We have all had the humbling experience of approaching someone who is angry with us and trying to offer an explanation. At the climax of the saga between the sons of Jacob, Joseph plants a silver cup in Benjamin’s bag and uses this as a premise to keep Benjamin in his custody. Not knowing the full plot, Judah intercedes on behalf of Benjamin and offers himself in place of his brother.
Judah begins his plea by crying out to Joseph in Genesis 44:18, “Do not be angry with your servant!” The Kli Yakar (Rabbi Shlomo Ephraim ben Aaron Luntschitz, Prague, 1550-1619) explains that anger brings about error in judgment. If Joseph cannot cool his anger to listen to Judah’s story, he is liable to judge him unfairly.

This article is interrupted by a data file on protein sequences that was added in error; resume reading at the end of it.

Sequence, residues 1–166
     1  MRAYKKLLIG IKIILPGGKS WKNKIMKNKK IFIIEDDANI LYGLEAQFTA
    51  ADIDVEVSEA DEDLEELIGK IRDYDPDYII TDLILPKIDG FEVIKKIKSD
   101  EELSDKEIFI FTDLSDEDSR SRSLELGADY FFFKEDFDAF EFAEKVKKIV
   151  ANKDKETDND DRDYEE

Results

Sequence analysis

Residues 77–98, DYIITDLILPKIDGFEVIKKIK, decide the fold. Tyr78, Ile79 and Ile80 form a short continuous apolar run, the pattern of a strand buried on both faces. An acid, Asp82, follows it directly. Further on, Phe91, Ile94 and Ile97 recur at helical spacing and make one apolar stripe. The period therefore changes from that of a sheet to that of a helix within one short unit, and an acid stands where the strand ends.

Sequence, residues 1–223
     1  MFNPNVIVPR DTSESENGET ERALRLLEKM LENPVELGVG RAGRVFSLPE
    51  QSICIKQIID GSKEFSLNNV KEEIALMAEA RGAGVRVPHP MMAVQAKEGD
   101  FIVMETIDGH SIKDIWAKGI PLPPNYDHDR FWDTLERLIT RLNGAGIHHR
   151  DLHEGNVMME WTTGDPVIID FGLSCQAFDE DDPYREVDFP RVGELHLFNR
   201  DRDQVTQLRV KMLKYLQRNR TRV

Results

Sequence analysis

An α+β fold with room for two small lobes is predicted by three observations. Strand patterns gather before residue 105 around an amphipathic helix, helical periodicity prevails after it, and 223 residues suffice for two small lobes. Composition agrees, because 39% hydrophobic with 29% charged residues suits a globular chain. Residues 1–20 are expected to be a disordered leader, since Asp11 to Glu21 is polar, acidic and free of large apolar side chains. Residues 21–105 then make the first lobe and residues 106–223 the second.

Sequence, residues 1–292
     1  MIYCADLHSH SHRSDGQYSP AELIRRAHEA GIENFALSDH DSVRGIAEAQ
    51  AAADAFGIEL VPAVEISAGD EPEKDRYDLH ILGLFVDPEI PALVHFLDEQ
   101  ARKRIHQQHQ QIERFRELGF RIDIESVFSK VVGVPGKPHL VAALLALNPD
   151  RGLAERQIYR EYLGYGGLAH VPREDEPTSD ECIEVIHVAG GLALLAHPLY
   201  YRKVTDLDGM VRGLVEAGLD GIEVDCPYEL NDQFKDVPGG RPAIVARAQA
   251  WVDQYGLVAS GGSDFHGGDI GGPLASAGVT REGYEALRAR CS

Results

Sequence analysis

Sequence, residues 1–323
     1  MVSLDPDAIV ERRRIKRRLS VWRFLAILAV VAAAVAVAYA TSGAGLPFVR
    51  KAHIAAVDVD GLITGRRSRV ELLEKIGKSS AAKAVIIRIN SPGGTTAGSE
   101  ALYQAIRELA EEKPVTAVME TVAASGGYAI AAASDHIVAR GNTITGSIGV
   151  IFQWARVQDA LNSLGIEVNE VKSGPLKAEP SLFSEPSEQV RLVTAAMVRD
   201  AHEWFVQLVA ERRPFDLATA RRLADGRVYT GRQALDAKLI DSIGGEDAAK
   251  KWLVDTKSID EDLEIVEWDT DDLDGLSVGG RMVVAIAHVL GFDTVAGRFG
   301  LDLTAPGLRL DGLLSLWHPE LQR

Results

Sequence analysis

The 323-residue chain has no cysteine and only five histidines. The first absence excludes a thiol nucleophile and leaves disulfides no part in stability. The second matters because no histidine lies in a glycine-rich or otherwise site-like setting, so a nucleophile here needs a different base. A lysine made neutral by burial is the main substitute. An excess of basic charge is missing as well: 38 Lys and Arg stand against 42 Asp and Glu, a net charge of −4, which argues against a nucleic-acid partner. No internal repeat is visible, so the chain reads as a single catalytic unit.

If we want to be heard by others, we must take into account their emotional state and be sensitive to their capacity to process our words. And, if we want to act without bias towards others, we must acknowledge our own emotions and their impact on our ability to hear the truth in what others say.
Rabbi Sara Rich is the Director of Education at the Center for Jewish Life – Hillel at Princeton University.